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Evid Based Nurs 1:86 doi:10.1136/ebn.1.3.86
  • Causation

Review: parental tobacco smoke increases the risk of asthma and respiratory symptoms in school age children


 
 Question In school age children, is exposure to parental (environmental) tobacco smoke associated with an increased risk of asthma and respiratory symptoms?

Data sources

Studies were identified with Medline and Embase searched to April 1997 using the terms tobacco smoke pollution; passive, second hand, involuntary, parent, maternal, mother, paternal, father or household; and smok—with various endings, tobacco or cigarette. Bibliographies of relevant studies were also reviewed.

Study selection

Studies were selected if they evaluated school age children (5–16 y) and both exposure to parental tobacco smoke and respiratory symptoms or asthma were assessed.

Data extraction

Data were extracted on year of publication, country of study, population characteristics including age, symptoms (asthma, wheeze, chronic cough, chronic phlegm, and breathlessness), symptom definitions, exposures (1 parent, both parents, and mother or father only), and individual study adjustment factors. Most studies collected data using parent completed questionnaires.

Main results

60 studies were included in the analysis: 25 studied asthma, 41 studied wheeze, 34 studied chronic cough, 7 studied chronic phlegm, and 6 studied breathlessness; 30 studies measured ≥2 symptoms. Meta-analysis showed that tobacco smoking by either or both parents increases the risk of asthma, wheeze, and chronic cough in school age children (table). Chronic phlegm is increased if either parent smokes (OR 1.35, 95% CI 1.13 to 1.62) or both parents smoke (OR 1.46, CI 1.04 to 2.05) and breathlessness is increased if either parent smokes (OR 1.31, CI 1.08 to 1.59). Phlegm and breathlessness were not assessed for other parental smoking categories because of lack of data. The risks of all outcomes were higher when both parents smoked than if only 1 parent smoked. The findings were similar when analysed with or without studies that had adjusted analysis for confounders. No evidence of heterogeneity was found in studies that adjusted for confounders.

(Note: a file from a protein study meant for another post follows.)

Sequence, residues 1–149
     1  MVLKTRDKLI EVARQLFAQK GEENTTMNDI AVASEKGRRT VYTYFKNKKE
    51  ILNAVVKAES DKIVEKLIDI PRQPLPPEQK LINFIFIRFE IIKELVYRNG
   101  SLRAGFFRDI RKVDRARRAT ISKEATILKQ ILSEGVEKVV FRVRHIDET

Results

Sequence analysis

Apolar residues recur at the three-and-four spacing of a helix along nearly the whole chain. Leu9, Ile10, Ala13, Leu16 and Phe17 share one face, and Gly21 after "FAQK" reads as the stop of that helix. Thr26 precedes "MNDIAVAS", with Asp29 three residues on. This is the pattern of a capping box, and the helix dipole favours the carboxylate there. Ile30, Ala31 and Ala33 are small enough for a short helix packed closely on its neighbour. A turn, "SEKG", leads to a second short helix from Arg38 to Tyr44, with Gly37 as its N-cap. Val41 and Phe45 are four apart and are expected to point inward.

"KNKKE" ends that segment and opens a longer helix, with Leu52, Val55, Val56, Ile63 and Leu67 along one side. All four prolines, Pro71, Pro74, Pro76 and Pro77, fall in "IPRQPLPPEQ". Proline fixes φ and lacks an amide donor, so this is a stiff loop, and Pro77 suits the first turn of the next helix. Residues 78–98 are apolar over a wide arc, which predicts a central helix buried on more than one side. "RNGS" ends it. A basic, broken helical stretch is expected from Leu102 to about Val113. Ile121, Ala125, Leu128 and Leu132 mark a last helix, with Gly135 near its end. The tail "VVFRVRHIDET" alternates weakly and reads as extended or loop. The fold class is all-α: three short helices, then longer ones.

Pooled odds ratios (ORs) for association between parental tobacco smoke exposure and asthma, wheeze, and chronic cough in school age children

Conclusion

Tobacco smoking by either or both parents increases the risk of asthma, wheeze, chronic cough, and chronic phlegm in school aged children.

Commentary

  1. Julie Bruce, RGN, MSc
  1. Research Assistant Department of Public Health University of Aberdeen Aberdeen, UK

      This systematic review by Cook and Strachan is part of a series of reviews about the adverse health effects of the exposure of adults and children to environmental tobacco smoke. The meta-analysis confirms that school age children of parents who smoke are at greater risk of developing asthma and other respiratory symptoms. Unlike previous reviews, the authors examined level of exposure and reported a clear dose response where prevalence of all symptoms increased if both parents smoked.

      This review provides a valuable summary of the published evidence, although the importance of widening searches to include hand searches of key health journals and “grey” literature databases should not be overlooked.1 The authors acknowledged the potential publication bias and compared the results with 1 unpublished report of a multicentre European study.2 An additional strength of the review was that after controlling for confounders, the strong association between smoking and adverse health events was still evident.

      Environmental tobacco smoke pollution is increasingly being addressed by public policy, health promotion campaigns, and restrictive interventions such as those within the workplace. To date, however, few campaigns have highlighted the susceptibility of children to the adverse effects of passive smoking. The public health message for all healthcare professionals, particularly those in health promotion and primary care, is to assist parents in smoking reduction and cessation and to highlight the risk of illness and vulnerability of their children. Promotion of smoke free zones or periods in the home will help reduce health risks from environmental tobacco smoke.3

      References

      Footnotes

      • Source of funding: UK Department of Health.

      • For article reprint: Dr D G Cook, Department of Public Health Sciences, St George's Hospital Medical School, Cranmer Terrace, London SW17 0RE, UK.

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